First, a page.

This is the draft opening page for a planned web site for Camden Town’s history. You can read of Camden Town’s origins, development, nineteenth century life, and concerns for conservation for the future.
And read my dissertation “A Georgian suburb: revealing place and person in London’s Camden Town”
Fossils of mammoths and hippopotomi from Neolithic times have been found in Camden Town.
The land is described in Domesday book. The manor house of Cantlowes stood overlooking the River Fleet in the parish of St Pancras. [William Cantlow, member of the Mercer’s Company, was Sheriff of London, 1448-9.]
After the Reformation, the land was bought by John Jeffreys, a City Mercer who traded tobacco from America.
The estate’s pasture provided hay for London’s horses.There was an inn (Old Mother Red Cap) and a farm at the former Cantlowes manor house (by Pancras Workhouse).
Charles Pratt, who became Lord Chancellor and Earl Camden, married Elizabeth Jeffreys in 1749. After her sister Frances Jeffreys died in 1785, Lord Camden became the owner. He entailed the land to his son, John Jeffreys Pratt, Viscount Bayham and daughter-in-law Frances Molesworth.
An Act of Parliament in 1789 allowed Camden Town to be built – first in the south, with houses along Hampstead Road (becoming Camden High Street) and the Veterinary College by old St Pancras church.
Further developments were at the northern edge near to Kentish Town, now Jeffreys Street, and on the former manor house, which became Randolph and Prebend Streets – named after the Prebendary of Cantlowes who was joint landlord with Lord Camden.
The Regent’s Canal was opened in 1820, bridged by new roads including Camden Road in 1825, which stretched uphill towards the northern crest of the estate at Maiden Lane.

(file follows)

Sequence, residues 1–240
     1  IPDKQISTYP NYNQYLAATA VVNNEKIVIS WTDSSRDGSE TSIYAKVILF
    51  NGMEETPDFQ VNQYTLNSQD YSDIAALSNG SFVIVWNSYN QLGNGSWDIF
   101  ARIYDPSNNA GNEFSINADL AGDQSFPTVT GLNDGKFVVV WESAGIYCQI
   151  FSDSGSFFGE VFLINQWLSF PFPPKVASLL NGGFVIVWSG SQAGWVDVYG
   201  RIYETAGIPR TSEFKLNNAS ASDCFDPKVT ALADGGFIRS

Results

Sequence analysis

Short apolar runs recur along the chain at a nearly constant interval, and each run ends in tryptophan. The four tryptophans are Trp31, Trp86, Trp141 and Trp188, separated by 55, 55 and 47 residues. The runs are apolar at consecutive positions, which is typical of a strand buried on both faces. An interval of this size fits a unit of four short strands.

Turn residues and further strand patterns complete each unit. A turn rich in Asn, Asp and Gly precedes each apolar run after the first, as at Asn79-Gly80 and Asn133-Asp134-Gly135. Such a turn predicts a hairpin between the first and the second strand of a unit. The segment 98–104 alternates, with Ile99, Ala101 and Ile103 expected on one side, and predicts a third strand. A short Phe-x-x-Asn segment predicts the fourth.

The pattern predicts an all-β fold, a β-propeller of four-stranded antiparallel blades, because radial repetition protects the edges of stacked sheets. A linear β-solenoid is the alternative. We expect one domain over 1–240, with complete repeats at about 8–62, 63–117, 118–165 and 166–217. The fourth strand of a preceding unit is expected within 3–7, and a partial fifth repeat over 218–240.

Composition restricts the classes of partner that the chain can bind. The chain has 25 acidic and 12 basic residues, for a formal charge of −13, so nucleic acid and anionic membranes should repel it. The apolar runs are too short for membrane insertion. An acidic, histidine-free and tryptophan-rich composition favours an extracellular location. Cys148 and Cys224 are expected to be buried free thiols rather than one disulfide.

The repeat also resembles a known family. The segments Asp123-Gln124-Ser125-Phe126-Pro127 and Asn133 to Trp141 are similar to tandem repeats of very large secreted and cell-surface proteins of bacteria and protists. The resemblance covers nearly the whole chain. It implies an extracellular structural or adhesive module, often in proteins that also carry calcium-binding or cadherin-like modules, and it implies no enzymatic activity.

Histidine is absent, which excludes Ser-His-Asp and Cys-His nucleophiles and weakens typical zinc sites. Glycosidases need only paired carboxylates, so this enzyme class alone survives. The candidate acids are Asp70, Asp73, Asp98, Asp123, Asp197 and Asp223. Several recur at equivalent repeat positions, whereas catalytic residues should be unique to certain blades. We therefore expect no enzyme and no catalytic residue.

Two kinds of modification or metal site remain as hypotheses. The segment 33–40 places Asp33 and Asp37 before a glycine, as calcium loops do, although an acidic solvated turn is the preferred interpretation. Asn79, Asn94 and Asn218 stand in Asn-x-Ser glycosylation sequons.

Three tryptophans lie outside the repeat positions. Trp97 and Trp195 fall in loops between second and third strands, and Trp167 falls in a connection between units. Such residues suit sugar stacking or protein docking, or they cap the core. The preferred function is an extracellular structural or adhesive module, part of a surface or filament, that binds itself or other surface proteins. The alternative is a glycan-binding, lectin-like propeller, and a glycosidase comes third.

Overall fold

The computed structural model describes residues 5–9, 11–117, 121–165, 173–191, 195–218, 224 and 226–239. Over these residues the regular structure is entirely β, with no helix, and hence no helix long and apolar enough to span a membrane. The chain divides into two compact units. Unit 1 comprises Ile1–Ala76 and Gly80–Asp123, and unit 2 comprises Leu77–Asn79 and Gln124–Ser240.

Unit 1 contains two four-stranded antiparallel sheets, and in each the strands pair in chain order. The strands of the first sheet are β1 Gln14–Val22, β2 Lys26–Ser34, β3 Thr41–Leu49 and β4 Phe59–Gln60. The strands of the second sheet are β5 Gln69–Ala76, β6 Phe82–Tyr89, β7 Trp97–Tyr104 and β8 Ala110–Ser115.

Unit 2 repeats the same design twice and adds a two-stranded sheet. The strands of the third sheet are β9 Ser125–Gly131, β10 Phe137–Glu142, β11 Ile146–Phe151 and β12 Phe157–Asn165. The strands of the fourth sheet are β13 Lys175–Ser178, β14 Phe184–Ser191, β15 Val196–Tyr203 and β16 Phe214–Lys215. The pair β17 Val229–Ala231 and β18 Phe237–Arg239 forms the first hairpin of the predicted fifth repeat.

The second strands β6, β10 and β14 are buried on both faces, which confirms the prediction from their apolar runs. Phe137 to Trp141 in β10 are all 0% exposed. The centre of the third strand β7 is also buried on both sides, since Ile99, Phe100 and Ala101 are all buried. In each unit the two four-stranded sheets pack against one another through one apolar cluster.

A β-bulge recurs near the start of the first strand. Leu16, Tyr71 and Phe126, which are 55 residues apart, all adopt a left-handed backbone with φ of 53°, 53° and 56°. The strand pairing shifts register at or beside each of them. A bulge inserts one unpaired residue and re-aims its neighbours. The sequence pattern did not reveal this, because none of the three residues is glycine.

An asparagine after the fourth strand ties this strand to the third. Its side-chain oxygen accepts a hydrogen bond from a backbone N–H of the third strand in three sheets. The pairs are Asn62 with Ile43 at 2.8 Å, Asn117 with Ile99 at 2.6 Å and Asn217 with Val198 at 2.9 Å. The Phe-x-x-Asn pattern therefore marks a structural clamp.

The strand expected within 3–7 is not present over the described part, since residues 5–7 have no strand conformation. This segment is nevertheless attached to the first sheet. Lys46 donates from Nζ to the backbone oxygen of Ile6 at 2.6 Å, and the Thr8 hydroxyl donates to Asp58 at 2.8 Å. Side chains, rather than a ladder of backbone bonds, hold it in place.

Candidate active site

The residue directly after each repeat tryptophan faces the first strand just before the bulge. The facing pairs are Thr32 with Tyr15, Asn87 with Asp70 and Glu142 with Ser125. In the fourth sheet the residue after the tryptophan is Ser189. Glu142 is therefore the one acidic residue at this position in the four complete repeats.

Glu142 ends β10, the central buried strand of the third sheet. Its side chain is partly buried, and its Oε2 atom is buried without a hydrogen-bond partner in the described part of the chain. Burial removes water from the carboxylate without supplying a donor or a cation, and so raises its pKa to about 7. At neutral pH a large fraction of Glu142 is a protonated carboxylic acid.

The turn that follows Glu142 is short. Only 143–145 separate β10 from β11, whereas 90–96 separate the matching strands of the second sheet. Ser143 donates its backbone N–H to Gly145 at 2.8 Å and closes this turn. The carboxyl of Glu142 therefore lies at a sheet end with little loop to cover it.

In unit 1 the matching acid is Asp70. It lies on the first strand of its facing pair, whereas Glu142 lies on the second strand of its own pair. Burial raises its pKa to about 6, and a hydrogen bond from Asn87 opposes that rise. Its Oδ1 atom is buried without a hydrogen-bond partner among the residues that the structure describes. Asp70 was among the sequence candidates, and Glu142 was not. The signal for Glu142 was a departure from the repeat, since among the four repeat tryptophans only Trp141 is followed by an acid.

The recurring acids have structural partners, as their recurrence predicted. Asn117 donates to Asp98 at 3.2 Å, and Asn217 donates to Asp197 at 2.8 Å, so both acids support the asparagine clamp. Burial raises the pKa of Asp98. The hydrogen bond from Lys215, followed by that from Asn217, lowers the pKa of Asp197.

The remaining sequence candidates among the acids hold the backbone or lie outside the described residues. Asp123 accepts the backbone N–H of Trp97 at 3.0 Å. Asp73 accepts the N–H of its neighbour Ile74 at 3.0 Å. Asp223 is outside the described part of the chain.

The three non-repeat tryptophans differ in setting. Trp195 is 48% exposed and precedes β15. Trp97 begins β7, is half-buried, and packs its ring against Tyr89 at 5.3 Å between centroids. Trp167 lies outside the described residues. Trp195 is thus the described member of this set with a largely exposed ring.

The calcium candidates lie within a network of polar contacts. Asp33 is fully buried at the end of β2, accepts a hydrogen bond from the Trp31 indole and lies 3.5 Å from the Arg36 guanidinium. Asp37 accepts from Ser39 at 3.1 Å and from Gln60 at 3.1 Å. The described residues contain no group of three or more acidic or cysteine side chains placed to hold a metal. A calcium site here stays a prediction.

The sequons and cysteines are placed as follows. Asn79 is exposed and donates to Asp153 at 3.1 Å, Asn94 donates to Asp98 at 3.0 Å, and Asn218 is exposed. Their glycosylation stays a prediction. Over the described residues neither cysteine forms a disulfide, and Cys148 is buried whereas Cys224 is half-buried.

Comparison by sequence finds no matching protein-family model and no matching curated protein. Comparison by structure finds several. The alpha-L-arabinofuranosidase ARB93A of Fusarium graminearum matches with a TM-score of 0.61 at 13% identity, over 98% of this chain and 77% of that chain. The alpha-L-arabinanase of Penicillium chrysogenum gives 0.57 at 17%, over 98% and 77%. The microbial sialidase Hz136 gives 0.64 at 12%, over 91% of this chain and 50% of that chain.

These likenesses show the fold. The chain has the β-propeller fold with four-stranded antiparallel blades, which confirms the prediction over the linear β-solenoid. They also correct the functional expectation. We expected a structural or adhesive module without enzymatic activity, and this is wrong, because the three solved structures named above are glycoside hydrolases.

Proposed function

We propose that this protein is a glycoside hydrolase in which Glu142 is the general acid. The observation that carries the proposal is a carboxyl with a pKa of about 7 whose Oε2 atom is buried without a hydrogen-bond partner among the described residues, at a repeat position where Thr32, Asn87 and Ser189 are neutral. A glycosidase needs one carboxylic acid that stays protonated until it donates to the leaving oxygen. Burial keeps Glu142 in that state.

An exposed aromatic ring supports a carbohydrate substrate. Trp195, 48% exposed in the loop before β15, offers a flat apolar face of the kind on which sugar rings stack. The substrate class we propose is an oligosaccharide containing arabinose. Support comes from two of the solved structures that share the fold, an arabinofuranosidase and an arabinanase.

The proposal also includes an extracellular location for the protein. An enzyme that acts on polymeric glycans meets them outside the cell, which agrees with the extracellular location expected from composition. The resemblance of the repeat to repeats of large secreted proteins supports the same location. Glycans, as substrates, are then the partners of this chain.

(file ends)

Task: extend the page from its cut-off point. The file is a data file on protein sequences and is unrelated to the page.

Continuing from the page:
Building was overseen by architects – importantly, Joseph Kay from 1823-1847 – and undertaken by ‘speculative’ builders, who (rather than Lord Camden) stood the costs of construction, which they regained on sale of the 99-year leases to other landlords.
The northern developments either side of Camden Road included green areas, of varying shapes, some as gardens and some as nurseries.
In 1849 a railway was built, on a viaduct, across the central area and in 1860s another was tunnelled beneath. Building of houses was completed by 1870.
Life in Camden Town
Smaller terraces housed working class families, artisans and tradesmen; in larger villa houses lived middle classes. Places of workship were built, schools for boys and girls and also adult education.
Camden Town is referred to in the contemporary literature and became a residence for people in the arts, sciences and in music. As well as skilled trades, such as engraving and making musical instruments, there was employment at the canal wharves and the railways and in factories for printing.
After the First World War much of the housing was sold to private investors and to the Church Commissioners. After the Second World War, parts of the estate were demolished for rehousing; but from the 1960s (with changing law enabling tenants to buy their freehold) the remaining Georgian housing was improved by both private owners and the Council.
Re-organisation of London administration in 1965 brought together the former boroughs of Holborn, St Pancras and Hampstead as the new Borough of Camden. Yet the present political ward boundaries and the conservation areas take little account of the historical pattern of Camden Town.
Further pages are in preparation